Twelve candidates will crowd the debate stage tonight at Otterbein University in a suburb of Columbus, the capital of Ohio, a key swing state Democrats hope to regain after losing it to President Donald Trump in 2016.
As the chaos in Syria unfolds, expect foreign policy to be a main feature of the discussion — unlike in the past few debates. Foreign policy wonks were left searching for crumbs after those, in which the focus was chiefly on bread and butter issues like health care and education costs.
Bread and butter will loom large in a rust belt state that still hurts because of job losses over the last two decades, but Democrats will undoubtedly seize on the opportunity to unite in bashing Trump for a move that has been harshly condemned even by some of his Republican allies — giving Turkey the green light to invade Syria and target its pro-American Kurdish minority.
Here are five things from a Jewish perspective to watch for when Democrats take the stage.
1. An unstable Syria is a threat to Israel.
Trump had for the first two and a half years of his term dominated the pro-Israel space by pulling out of the Iran nuclear deal that Israel’s government reviled, moving the U.S. embassy from Tel Aviv to Jerusalem, recognizing Israel’s claim to the Golan Heights and running a peace process that, while ultimately stalled, tilted heavily toward Israel.
It was a record that led Trump to believe he could accuse Jewish voters of “disloyalty” for voting for Democrats, and for him to call the Democratic Party anti-Semitic. Not helping was the party’s left-wing, which has increasingly questioned the parameters of the U.S.-Israel relationship, and comments by two freshman congresswomen that were seen as involving anti-Semitic tropes.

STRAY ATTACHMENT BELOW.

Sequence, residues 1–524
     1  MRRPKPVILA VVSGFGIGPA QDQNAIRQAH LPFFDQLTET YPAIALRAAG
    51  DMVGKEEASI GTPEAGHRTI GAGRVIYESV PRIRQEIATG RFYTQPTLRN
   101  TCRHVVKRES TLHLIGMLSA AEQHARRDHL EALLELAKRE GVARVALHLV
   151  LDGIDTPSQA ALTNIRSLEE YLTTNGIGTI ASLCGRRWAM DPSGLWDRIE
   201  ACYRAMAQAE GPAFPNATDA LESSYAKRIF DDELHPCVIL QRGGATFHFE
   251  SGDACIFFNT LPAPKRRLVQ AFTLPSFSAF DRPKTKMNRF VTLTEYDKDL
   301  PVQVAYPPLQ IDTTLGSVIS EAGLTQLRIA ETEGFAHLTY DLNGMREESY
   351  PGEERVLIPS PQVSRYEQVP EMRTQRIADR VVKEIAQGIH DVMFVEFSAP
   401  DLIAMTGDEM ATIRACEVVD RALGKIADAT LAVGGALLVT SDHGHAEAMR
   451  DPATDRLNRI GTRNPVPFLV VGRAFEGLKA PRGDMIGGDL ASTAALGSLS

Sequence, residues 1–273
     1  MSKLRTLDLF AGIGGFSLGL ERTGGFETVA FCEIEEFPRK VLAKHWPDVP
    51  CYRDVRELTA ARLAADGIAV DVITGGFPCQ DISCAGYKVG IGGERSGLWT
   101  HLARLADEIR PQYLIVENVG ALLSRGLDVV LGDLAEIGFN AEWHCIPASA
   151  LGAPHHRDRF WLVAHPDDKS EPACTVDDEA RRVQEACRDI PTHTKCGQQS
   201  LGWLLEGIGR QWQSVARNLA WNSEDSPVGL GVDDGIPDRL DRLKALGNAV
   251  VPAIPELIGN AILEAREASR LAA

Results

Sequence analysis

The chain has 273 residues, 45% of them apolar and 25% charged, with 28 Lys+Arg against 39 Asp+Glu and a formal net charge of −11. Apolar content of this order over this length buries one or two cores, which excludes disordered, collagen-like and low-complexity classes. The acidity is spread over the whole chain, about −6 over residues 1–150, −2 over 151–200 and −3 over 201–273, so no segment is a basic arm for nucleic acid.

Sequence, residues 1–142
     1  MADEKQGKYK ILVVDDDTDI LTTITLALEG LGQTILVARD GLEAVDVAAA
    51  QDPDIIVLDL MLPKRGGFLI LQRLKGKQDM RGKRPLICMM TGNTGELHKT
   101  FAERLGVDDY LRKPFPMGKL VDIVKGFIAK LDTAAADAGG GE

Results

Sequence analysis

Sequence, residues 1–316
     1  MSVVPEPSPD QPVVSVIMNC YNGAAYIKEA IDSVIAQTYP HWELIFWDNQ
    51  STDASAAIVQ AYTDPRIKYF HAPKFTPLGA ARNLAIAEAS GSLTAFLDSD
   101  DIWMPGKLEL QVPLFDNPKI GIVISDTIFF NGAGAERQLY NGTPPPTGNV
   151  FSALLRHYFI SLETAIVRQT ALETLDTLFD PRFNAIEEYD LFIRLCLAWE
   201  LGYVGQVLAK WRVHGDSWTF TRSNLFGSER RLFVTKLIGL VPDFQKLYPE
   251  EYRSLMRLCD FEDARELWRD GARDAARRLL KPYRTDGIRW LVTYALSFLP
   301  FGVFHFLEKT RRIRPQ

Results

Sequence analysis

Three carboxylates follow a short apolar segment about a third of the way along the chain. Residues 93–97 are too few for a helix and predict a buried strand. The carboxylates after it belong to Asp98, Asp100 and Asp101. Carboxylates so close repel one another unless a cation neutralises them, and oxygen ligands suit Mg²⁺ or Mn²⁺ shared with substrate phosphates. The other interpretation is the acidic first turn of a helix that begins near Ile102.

But Trump’s orders in recent weeks to pull U.S. troops out of Syria has drawn protests of alarm in Israel. No U.S. presence in Syria makes it much more likely that Iran, which openly calls for Israel’s destruction — and is a key backer of the Syrian Assad regime — will set up a permanent stake in the country. Furthermore, the U.S.’ abandonment of a close ally like the Kurds is not a harbinger of good things for Israel.
Even Israeli Prime Minister Benjamin Netanyahu, who is next to no world leader in his friendship with Trump, has decried the decision (while not naming Trump directly).
Expect the Democratic candidates to frame their condemnation of Trump’s retreat as endangering Israel, and to try to reclaim some of the pro-Israel territory their party has lost.
2. Tulsi Gabbard could have a tough time.
Rep. Tulsi Gabbard, D-Hawaii, a veteran, has in the past sounded conciliatory toward Assad, calling his opponents “terrorists” and meeting with him without informing Democratic party leaders.
She also has echoed some of Trump’s “end to endless wars” rhetoric in calling for withdrawals of U.S. troops from the Middle East and elsewhere. She has in the past blamed Netanyahu and “neocons” for endangering U.S. interests in the region, and in the process has staked out a tiny but loud isolationist wing of the Democratic Party.
Still, the debate moderators and her opponents will likely scrutinize these past Syria associations Tuesday night. Watch for how she reacts when she’s in a defensive crouch — does she invoke pro-Israel neoconservatives?
3. How are you feeling, Bernie?
Bernie Sanders, the Vermont senator who through tireless campaigning in 2016 made history by becoming the first Jewish candidate to win major nominating contests, had a heart attack last month. He has vowed that it will not impede his campaigning.